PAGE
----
Aeronca N82258 in various states of disrepair, during the term of a 8 Year restoration:
This is what happens when the paint process goes horrably wrong. This is the result of not sanding the primer after the last cote of primer. An .AVI shows the paint peeling right off. We followed the STC exactly, and applied the first color coat over the last primer coat with no sanding. This is not wise, as we now know. Airtech markets its product as process that requires little sanding. While it is true that you are not required to sand as as much as Stitts, it still requires the coats to be “scuffed”.
We built a paint booth(Larger) from discarded metal studs and plastic sheeting. The intake is a 24″x24″x1″ AC filter with a box fan. (lowerLeft corner of the picture). The outlet is a filter connected to 1/4 of a LARGE cooling fan. This evacuates the booth, as well creates a draft in the hangar that cause overspray to go west out the doors. Interestingly, the outlet fan filter FILLS up every time we paint. No overspray anywhere in the hangar though……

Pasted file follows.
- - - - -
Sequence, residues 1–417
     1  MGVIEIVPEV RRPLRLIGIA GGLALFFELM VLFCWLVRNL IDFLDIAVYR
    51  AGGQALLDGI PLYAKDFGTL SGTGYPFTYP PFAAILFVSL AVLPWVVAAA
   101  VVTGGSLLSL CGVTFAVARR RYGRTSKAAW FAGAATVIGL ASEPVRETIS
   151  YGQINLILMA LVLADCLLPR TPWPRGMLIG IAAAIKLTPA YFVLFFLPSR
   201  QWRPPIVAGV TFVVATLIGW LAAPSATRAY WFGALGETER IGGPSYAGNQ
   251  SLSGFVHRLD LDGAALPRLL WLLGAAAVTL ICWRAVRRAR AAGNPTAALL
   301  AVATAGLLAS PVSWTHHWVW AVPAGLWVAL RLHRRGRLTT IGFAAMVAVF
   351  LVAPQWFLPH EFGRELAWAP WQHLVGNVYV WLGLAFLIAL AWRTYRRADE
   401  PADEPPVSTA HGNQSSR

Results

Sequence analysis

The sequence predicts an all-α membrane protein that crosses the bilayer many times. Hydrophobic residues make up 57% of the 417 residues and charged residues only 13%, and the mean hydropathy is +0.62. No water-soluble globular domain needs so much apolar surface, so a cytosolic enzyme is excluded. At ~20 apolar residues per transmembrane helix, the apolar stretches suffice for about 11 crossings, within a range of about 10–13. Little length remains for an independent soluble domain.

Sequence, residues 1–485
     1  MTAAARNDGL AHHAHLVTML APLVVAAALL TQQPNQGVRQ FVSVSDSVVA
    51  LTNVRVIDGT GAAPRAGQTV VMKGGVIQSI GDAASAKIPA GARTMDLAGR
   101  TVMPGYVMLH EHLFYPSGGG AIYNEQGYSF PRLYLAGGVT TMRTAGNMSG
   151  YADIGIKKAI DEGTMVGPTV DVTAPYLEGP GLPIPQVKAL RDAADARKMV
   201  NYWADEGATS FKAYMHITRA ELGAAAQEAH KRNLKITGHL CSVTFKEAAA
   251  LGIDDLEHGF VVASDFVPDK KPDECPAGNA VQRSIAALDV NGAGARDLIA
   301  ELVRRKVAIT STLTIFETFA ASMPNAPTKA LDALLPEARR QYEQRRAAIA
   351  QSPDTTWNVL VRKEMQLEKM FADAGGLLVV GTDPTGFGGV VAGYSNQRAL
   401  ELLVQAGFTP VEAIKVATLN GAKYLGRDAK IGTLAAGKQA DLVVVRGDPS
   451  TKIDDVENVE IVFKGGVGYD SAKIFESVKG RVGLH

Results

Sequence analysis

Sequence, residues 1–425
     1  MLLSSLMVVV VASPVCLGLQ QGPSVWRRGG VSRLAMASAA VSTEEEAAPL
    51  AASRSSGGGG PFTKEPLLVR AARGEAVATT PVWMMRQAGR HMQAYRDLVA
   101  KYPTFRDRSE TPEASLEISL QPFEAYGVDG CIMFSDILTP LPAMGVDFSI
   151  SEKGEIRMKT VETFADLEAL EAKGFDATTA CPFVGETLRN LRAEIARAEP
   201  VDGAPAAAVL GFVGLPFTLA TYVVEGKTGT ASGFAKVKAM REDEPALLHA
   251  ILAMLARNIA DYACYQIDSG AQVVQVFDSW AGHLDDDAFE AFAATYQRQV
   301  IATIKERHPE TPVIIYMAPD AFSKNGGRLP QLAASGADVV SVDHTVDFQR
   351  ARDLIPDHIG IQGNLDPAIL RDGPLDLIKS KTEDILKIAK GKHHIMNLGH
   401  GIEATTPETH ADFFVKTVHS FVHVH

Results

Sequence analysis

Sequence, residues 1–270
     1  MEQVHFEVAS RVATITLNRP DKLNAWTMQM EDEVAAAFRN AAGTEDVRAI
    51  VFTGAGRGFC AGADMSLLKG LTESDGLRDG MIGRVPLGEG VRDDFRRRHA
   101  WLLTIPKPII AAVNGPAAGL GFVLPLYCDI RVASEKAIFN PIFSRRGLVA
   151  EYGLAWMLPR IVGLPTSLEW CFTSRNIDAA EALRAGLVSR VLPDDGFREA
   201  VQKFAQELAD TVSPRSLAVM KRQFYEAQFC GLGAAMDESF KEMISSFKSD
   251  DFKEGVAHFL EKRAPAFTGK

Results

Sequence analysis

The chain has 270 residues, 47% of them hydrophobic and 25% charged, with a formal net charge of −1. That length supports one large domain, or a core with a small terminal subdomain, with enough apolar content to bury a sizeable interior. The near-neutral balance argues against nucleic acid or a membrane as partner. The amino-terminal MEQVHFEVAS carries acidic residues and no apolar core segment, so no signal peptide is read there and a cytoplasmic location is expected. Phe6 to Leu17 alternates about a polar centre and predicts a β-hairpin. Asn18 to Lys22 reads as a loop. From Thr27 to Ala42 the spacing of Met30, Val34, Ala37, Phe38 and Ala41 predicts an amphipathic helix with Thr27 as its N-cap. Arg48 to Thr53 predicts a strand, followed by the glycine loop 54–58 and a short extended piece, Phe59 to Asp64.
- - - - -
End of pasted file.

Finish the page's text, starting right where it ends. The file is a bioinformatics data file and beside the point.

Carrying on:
These are the cable fairleads
that will provide a cosmetic closeout for the rudder cables as they exit the Fusalage under the stabilizers.
This is the wing installed on the completed spit(larger). Copied from a comercial design, The rollers(larger) are metal lawn mower wheels with the tires cut off. The hoop is 1/2 inch electrical conduit bent with a conduit bender.
The wing spit is a complete success, allowing the wing to be coated fully on both sides without a 1 day wait for paint to dry. If we had to do it all over, 1″ conduit would have been stronger. Also, the rollers could have been lower, allowing the wing to be 3 inches lower to the ground.
Here is a Sectioned(larger) gear oleo and strut. We used this for a reminder of how all the parts came apart!
The Gear Case Frames almost ready to paint. We included the tabs for the snare cables, even though the AD is complied with……
This press ended up not being required, as the gear did not need to be “Pulled” apart.
We disassembled one brake at a time, as they are quite complicated. Assembled,InsideExploded.